Where do transcription and translation occur in prokaryotic cells?
Prokaryotic transcription occurs in the cytoplasm alongside translation. Prokaryotic transcription and translation can occur simultaneously. This is impossible in eukaryotes, where transcription occurs in a membrane-bound nucleus while translation occurs outside the nucleus in the cytoplasm.
How does transcription differ in prokaryotes and eukaryotes?
The prokaryotic process of transcription takes place in the cytoplasm. There is no nucleus in it, whereas in eukaryotic, the process takes place in the nucleus. The process between transcription and protein synthesis are coupled in prokaryotic, whereas in eukaryotic, transcription and protein synthesis are not coupled.
How is transcription terminated in prokaryotes?
Transcription termination in prokaryotes can be rho-independent (intrinsic terminators exist in the RNA polymerase) and rho-dependent, i.e., the RNA polymerase requires the cofactor rho for termination of transcription. The terminator regions in various systems have similar structures.
Where does transcription occur in eukaryotes?
The eukaryotic nucleus therefore provides a distinct compartment within the cell, allowing transcription and splicing to proceed prior to the beginning of translation. Thus, in eukaryotes, while transcription occurs in the nucleus, translation occurs in the cytoplasm.
How does transcription occur in eukaryotes?
Eukaryotic transcription occurs within the nucleus where DNA is packaged into nucleosomes and higher order chromatin structures. The complexity of the eukaryotic genome necessitates a great variety and complexity of gene expression control.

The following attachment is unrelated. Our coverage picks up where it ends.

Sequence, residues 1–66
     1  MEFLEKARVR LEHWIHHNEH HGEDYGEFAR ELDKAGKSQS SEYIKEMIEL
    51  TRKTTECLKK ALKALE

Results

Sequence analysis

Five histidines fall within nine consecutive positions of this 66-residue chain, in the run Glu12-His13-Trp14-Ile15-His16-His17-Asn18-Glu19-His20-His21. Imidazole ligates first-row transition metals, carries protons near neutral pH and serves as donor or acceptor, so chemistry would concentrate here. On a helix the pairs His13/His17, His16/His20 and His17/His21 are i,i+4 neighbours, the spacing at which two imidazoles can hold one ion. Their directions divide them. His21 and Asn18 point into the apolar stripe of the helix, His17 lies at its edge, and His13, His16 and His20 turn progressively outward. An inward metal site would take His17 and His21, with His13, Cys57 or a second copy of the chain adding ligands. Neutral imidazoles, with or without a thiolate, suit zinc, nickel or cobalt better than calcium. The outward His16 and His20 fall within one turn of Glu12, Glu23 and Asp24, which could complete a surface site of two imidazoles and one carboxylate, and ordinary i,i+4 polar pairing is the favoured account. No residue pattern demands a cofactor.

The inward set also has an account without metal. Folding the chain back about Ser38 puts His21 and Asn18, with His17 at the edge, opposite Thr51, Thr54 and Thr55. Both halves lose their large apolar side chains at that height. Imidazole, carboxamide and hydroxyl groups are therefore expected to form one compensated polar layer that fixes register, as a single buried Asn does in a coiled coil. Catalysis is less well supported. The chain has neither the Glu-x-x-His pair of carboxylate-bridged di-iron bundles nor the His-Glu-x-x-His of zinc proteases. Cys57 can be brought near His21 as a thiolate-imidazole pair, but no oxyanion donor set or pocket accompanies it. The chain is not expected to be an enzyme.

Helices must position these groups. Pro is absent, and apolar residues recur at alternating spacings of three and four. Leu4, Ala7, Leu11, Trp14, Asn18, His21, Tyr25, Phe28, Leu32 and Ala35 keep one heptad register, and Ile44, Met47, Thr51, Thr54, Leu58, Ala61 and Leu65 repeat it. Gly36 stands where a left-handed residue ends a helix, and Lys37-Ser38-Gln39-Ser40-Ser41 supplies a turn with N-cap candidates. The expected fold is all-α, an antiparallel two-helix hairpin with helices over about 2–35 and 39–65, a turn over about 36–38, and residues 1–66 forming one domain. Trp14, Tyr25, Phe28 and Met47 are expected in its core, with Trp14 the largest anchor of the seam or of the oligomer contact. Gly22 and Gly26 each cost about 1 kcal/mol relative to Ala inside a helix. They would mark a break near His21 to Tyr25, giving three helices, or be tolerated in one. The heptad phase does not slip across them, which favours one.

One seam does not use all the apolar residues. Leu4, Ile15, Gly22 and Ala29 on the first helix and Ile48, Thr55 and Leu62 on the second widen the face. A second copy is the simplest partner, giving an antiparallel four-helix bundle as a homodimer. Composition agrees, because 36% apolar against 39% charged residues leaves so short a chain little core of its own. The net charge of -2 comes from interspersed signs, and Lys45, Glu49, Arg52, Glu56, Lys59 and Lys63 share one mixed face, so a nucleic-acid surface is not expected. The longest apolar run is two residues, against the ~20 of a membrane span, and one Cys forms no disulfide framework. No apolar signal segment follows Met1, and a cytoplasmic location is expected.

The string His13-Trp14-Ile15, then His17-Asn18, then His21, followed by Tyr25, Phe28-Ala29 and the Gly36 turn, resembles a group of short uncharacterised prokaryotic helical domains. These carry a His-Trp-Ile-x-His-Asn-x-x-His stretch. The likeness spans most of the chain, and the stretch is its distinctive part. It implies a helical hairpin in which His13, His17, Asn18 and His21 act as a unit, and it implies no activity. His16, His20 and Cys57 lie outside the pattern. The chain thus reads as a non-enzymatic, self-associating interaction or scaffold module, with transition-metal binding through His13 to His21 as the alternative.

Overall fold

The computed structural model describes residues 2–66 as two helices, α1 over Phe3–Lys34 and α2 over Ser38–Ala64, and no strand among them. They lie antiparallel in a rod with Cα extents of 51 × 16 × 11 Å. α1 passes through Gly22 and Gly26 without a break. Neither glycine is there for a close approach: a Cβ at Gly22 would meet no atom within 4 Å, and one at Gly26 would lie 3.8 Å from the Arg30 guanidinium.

How a gene is transcribed in the prokaryotic cell?
Transcription in prokaryotes (as in eukaryotes) requires the DNA double helix to partially unwind in the region of RNA synthesis. The region of unwinding is called a transcription bubble. Transcription always proceeds from the same DNA strand for each gene, which is called the template strand.
How does transcription work in prokaryotes?
Transcription in prokaryotes (and in eukaryotes) requires the DNA double helix to partially unwind in the region of mRNA synthesis. The region of unwinding is called a transcription bubble. The DNA sequence onto which the proteins and enzymes involved in transcription bind to initiate the process is called a promoter.
How does transcription stop in eukaryotes?
The termination of transcription is different for the different polymerases. Unlike in prokaryotes, elongation by RNA polymerase II in eukaryotes takes place 1,000–2,000 nucleotides beyond the end of the gene being transcribed. This pre-mRNA tail is subsequently removed by cleavage during mRNA processing.
Why is transcription and translation coupled in prokaryotes?
The lack of a nuclear membrane that physically separates the chromosomal DNA from the cytosolic environment led to the well-accepted notion that transcription and translation are spatiotemporally coupled in bacteria and archaea.
Why is transcription in eukaryotes more complex than in prokaryotes?
Eukaryotic gene expression is more complex than prokaryotic gene expression because the processes of transcription and translation are physically separated. Unlike prokaryotic cells, eukaryotic cells can regulate gene expression at many different levels.